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Sean Carroll


22 Nov 2018, 22:59 UTC
(200 words excerpt, click title or image to see full post)

This year we give thanks for an historically influential set of celestial bodies, the moons of Jupiter. (We’ve previously given thanks for the Standard Model Lagrangian, Hubble’s Law, the Spin-Statistics Theorem, conservation of momentum, effective field theory, the error bar, gauge symmetry, Landauer’s Principle, the Fourier Transform, Riemannian Geometry, the speed of light, and the Jarzynski equality.)
For a change of pace this year, I went to Twitter and asked for suggestions for what to give thanks for in this annual post. There were a number of good suggestions, but two stood out above the rest: @etandel suggested Noether’s Theorem, and @OscarDelDiablo suggested the moons of Jupiter. Noether’s Theorem, according to which symmetries imply conserved quantities, would be a great choice, but in order to actually explain it I should probably first explain the principle of least action. Maybe some other year.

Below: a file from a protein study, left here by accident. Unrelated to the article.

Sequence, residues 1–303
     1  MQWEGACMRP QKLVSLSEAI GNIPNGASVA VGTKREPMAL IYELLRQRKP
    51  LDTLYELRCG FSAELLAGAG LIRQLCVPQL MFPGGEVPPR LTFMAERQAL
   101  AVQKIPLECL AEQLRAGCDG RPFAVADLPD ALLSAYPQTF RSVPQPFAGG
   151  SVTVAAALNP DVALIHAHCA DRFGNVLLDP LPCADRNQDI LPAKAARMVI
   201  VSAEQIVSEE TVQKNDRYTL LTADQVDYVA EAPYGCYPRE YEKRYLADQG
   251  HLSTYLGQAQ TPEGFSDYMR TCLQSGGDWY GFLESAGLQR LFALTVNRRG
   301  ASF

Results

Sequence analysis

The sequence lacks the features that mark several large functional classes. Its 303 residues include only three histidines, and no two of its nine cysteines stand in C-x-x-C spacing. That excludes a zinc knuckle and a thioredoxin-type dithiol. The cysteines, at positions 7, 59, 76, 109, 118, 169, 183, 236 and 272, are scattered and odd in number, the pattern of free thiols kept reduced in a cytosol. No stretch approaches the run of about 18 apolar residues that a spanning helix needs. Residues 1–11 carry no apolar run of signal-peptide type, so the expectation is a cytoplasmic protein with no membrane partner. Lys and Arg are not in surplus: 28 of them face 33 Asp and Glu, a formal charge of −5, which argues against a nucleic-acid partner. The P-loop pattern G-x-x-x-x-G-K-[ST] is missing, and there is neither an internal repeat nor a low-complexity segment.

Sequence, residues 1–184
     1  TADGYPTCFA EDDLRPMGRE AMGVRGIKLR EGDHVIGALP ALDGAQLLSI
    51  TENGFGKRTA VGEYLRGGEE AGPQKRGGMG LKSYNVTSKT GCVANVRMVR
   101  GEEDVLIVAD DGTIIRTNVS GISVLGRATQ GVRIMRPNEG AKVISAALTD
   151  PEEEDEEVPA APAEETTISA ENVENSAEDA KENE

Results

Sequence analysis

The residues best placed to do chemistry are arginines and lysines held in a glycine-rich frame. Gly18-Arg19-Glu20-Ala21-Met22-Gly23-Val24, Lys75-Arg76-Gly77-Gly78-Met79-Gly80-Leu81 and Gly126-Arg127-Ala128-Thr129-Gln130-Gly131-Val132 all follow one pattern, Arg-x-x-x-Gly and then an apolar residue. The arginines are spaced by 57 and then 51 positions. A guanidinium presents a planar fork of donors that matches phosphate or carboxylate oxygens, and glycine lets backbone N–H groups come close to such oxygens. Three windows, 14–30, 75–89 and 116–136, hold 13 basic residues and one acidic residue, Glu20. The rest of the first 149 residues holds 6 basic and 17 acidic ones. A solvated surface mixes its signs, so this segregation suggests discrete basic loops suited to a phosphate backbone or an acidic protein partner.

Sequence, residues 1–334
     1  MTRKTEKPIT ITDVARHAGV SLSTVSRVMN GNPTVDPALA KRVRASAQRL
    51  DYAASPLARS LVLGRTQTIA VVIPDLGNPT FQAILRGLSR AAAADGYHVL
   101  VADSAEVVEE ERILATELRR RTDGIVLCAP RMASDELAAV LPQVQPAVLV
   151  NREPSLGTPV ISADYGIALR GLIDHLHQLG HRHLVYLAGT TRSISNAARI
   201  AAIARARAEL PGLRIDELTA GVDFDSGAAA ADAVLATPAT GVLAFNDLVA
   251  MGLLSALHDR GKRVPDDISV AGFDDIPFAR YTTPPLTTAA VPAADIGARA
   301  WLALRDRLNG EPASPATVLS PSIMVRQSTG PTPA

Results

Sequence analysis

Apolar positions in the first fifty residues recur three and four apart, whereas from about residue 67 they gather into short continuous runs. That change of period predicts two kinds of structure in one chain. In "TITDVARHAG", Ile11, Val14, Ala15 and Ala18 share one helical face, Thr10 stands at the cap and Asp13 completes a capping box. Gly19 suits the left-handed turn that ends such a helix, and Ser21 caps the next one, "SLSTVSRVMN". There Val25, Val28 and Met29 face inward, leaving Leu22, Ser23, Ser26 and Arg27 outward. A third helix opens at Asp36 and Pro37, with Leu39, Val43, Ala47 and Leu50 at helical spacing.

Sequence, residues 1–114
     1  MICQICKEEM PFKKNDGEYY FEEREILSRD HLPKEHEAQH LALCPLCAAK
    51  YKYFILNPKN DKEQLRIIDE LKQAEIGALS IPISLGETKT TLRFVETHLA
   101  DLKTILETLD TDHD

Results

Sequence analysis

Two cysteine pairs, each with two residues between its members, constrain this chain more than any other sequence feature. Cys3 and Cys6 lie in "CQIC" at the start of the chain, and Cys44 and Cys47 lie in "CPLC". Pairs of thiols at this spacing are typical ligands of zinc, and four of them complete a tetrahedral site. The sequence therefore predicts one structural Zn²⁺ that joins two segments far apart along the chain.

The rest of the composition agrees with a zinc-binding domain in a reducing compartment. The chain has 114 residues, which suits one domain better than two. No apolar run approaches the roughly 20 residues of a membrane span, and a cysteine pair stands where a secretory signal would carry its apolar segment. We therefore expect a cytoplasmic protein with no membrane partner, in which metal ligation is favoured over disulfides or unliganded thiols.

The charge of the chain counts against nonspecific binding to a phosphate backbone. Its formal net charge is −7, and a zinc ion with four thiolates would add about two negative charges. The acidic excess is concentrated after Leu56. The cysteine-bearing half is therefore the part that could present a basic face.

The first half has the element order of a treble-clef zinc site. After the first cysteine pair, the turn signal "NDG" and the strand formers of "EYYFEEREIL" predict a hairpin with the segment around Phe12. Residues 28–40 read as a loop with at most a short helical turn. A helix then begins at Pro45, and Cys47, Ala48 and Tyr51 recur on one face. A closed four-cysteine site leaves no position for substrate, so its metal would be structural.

And to be precise, I’m not going to bother to give thanks for all of Jupiter’s moons. 78 Jovian satellites have been discovered thus far, and most of them are just lucky pieces of space debris that wandered into Jupiter’s gravity well and never escaped. It’s the heavy hitters — the four Galilean satellites — that we’ll be ...

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